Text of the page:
As in the case of ZnO film in the HCl solution, the signal amplitude and insertion loss of SAW devices are also deteriorated in the NaOH solution as shown in Fig. 7. An interesting phenomenon is that with the progression of corrosion in the NaOH solution, the resonant frequencies are gradually decreased for two devices with wavelengths of 12 μm and 20 μm. We have also characterized the films in the HCl solutions, the results show the same trends, which clearly indicates that after the devices are etched inside the acid and alkali environments the resonant frequency was decreased. As the phase velocity of the ZnO is smaller than that of glass substrate, therefore when the acid and alkali solutions corrode the ZnO film, more energy is confined in the glass which has a higher velocity. This should lead to a larger velocity of the layered structure and a positive frequency shift. However, the experimental results show an opposite shift in frequency.


image file: d0ra02448a-f7.tif
Fig. 7 Response frequency of ZnO devices in NaOH solution with the wavelength of (a) 12 μm and (b) 20 μm.

The frequency shifts of SAW sensor is mainly dependent on the following three factors: mass load, elastic changes in elasticity and acousto-electric interaction.21,22 The equation representing the contributions of these three factors is:

 
image file: d0ra02448a-t1.tif(4)
where Δf and f0 are frequency shift and initial center frequency, Δv and v0 are change of SAW velocity and initial SAW velocity, Cm and Ce are sensitivity coefficients of mass and elasticity, respectively, ρs and h are density per unit area and the thickness of the sensing layer, respectively. G′ is the shear modulus of piezoelectric layer, K2 is the electromechanical coupling coefficient of SAW, σs is the sheet conductivity of the sensing layer, and cs is the capacitance per unit length of the device. In the equation, the first term and the third term represent the effects of the quality of the sensing film and the change in conductivity, respectively. The second item is corresponding to the changes in elasticity.

In this study, ions and reaction products adsorbed by the film are dissolved in the solution without accumulation on the surface of the film, so the contribution of the acoustic electric effect to the frequency shift can be ignored. Moreover, film thinning should result in a positive frequency shift. The main cause of the frequency shift in this case might be from the elastic change of the film. Fig. 5 shows that with the process of acid and alkali corrosion, the film becomes porous, and the grain size and density of film are decreased. These will result in the reduction of film shear modulus, softening of film and thus reduction of the sound velocity. Therefore the item of Δ(hG′) in eqn (4) becomes smaller, which results in a negative shift in frequency.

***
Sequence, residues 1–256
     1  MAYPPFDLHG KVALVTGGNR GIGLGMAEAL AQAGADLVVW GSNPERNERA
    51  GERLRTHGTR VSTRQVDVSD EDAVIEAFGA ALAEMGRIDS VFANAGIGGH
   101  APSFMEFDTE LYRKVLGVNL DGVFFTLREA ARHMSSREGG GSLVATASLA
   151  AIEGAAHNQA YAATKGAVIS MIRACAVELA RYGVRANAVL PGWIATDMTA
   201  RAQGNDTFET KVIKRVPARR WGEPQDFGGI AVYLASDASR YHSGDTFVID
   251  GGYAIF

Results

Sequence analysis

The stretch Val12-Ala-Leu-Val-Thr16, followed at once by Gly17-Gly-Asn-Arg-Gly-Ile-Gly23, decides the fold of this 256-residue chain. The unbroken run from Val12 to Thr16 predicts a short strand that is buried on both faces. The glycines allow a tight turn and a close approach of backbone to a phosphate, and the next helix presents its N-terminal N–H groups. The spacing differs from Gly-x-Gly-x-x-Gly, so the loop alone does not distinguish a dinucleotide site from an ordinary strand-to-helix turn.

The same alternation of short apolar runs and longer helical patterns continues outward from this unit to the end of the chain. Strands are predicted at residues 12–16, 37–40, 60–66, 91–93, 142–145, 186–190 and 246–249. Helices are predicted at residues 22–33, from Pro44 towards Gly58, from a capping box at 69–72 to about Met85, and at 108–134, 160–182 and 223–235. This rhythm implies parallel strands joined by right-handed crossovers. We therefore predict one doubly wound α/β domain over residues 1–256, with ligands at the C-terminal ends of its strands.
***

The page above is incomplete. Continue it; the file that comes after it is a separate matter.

In order to verify this, we have performed simulations of SAW using the finite element analysis (FEA) with the commercial COMSOL 5.4 software in a two-dimensional (2D) piezo plane strain mode. The simulation method and parameters can be referred to our previous work.12 Fig. 8(a) shows the simulation results of surface displacements and frequency response of ZnO based SAW devices with a wavelength of 12 μm. It is clear that the simulated results are compatible with the experimental ones. With the thickness of ZnO film deceased from 3 μm to 2 μm, the frequency becomes larger (Fig. 8(b)). This shows that with the corrosion of ZnO film, film thinning effect should result in a positive frequency shift, which in this study, we obtained the opposite effect experimentally. Therefore, the main cause for the decrease of frequency should be the formation of porous film and the elastic change of the film.


image file: d0ra02448a-f8.tif
Fig. 8 (a) Simulation results of frequency response and wave mode of ZnO based SAW device with the wavelength of 12 μm using COMSOL Multiphysics; (b) the Simulation results of resonance frequency shifts of ZnO based SAW device with the ZnO thickness from 2 μm to 3 μm.

We have also fabricated the AlN film based SAW devices and studied their performance in both acid and alkali environments. Fig. 9(a) and (b) show optical images of AlN based SAW device at various durations in HCl and NaOH solutions. Results show that the AlN thin film also reacts in the HCl solution as shown in Fig. 9(a). As the reaction progresses, IDT structure of AlN based SAW device shows obvious damage due to the dissolution of AlN film after 12 h. Fig. 9(b) shows the optical image of AlN film when exposed to the alkali environment (e.g., the NaOH solution). Results showed that AlN film cannot endure the alkali environment after 10 min. These results are very interesting, as it is normally regarded that the AlN film has excellent chemical stability and should withstand the corrosion for quite a long time. Although compared with those of ZnO ones, these AlN SAW devices can have good performance without obvious degradation for more ten hours in acid or alkali solution. One of the explanations could be that the deposited AlN film has a vertical columnar structures. Therefore, the corrosion easily occurred vertically along the columnar boundaries of the AlN films.